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Guy Ferrandis

MOVIE REVIEW
Drift Away (2021)

This is a movie for adults. In America death and suffering are for other people, and humans will go to any length, make any excuse, twist themselves into any knots in order to avoid it. If it’s inescapable, it’s treated with either self-pity or sarcasm, but either method is a refusal to accept it. But “Drift Away” is a French film that knows that suffering is all around and the best way to handle it is to confront it honestly. The French title of the movie, “Albatros,” is after a model ship Laurent (Jérémie Renier) is gifted from his mother. His family have lived on the Normandy coast for generations. Laurent can’t afford his own boat, but his friend Olivier (Alexandre Lefrancois) can, and they often go fishing. Laurent has a partner, Marie (Marie-Julie Maille, the director’s wife, who also co-wrote the screenplay and co-edited the film), who works in the town hall, and together they have a daughter named Lucie, but who everyone calls Poulette (Madeleine Beauvois, the director’s daughter). The movie opens with Laurent proposing marriage, in front of Poulette, on Marie’s birthday; she accepts, but without enthusiasm. She is happy with the status quo, and she would rather their money go for the house they are renovating together.

Laurent goes to work – he’s one of the senior local police, and his family lives in stock housing provided by the town – and time passes in the ordinary way. A man leaps to his death from the cliffs, frightening a bride and groom having their photos taken on the rocky beach below. The team examines the body and determine he’s a tourist from Paris. Back at the station, a doctor makes a statutory report of child abuse, and there are many discussions between Pierre (Maréchal des Logis Olivier Pequery), Quentin (Victor Belmondo), Carole (Iris Bry) and Laurent about the least damaging way to intervene. They tease Laurent about his vaping. A dreadlocked farmer named Julien (Geoffroy Sery) must complete a report about some stolen goods, and while he’s there complains at some length about the financial trouble he’s in. An unexploded WWII bomb is discovered on the beach and impatient dog walkers must be evacuated so it can be destroyed. Laurent’s request for healthy food is overruled, so he goes with Quentin and Carole to get kebabs for dinner.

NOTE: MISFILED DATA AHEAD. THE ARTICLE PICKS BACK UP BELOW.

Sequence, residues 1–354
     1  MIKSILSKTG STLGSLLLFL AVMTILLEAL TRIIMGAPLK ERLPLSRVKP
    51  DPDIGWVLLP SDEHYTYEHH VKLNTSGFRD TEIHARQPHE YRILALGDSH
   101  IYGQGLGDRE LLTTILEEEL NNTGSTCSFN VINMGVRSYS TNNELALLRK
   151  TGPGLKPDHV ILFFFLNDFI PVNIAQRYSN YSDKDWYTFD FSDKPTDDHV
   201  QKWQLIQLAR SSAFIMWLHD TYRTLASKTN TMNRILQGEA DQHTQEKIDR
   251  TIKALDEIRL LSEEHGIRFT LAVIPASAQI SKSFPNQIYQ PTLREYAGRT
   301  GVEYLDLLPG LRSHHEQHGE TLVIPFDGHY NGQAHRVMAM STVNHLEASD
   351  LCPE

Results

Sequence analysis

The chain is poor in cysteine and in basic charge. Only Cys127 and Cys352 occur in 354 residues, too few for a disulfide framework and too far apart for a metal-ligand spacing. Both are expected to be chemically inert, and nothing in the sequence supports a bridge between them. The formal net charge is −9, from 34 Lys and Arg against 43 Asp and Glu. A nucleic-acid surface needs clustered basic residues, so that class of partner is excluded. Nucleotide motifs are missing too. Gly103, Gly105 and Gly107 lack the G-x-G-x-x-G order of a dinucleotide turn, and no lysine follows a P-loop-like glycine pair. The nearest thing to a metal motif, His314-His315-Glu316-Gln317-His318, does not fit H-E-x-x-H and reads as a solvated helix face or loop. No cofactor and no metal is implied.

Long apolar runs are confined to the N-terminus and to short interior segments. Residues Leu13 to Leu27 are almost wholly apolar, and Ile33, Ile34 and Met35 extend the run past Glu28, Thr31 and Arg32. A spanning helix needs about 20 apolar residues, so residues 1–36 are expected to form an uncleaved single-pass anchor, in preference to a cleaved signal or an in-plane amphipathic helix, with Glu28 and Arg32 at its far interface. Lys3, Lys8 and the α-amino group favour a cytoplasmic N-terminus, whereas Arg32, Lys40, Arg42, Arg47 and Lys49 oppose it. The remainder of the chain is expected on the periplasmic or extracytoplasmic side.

Later some health inspectors come to check on Julien’s cows, and things get so out of hand the police must come. Despite Laurent’s best efforts, Julien hits one of the inspectors with his car; it’s not until later that his sister Severine (Stéphanie Brabant) realizes Julien has also taken the gun. This sets off a chain of events that ends up back in Julien’s farmyard, where something awful happens, although it is more correct to say that Laurent does something awful. In the aftermath, Mr. Renier conveys the full depth of Laurent’s shock just by the look in his eyes. He is a man sinking into a bottomless void. He is collapsed. He can’t talk. He is shouted at by some other officers and then led away under arrest. He is undone. But nothing is over, not even close.

Mr. Renier has worked for decades in Belgian and French cinema, mainly as a variety of low-life creeps, deadbeat dads and manipulative charmers, and he must have leapt at the chance writer-director Xavier Beauvois offered of playing a stand-up guy. Laurent is a good man, and everyone knows it; but that doesn’t change the fact of what happened – what he did – and the misery of the aftermath. Right from the start, with the matter-of-fact shots by Julien Hirsch of the shattered body of the beach, Mr. Beauvois shows us everyday upsetting things and expects us to understand and react appropriately. Even little Poulette listens solemnly when Marie has to explain a few unpleasant truths; age eight she already knows her feelings don’t always come first. This maturity has almost vanished from American filmmaking and is a welcome change.

But the movie follows Laurent so closely we lose out on getting to know Marie, who as shown here has no friends or family of her own, only Laurent’s family and Laurent’s colleagues. It’s a peculiar mistake made by Mr. Beauvois, Ms. Maille and Frédérique Moreau in their script, isolating Marie with only Poulette to talk to. Doesn’t everyone need a best friend? The unstinting support offered to Laurent could have been shared around.

But the heart of the movie is the conversation between Carole, Quentin and Laurent as they drive across the dark countryside into town for food. Carole mentions she doesn’t want children, because climate change has progressed so far the earth only has 10 years left. Laurent is surprised, but Quentin agrees it’s hopeless, there is no future for anyone. Laurent reminds them all of Poulette and that he has to have hope for the future, for her, and a small silence falls. Is it foolish to step forward into every day hoping better things are to come? Especially when you know all the terrible things that have happened – that you have done? “Drift Away’s” answer to these questions is hard-earned, and very moving, especially if you know the metaphor of the albatross and the sea. It’s not for kids.

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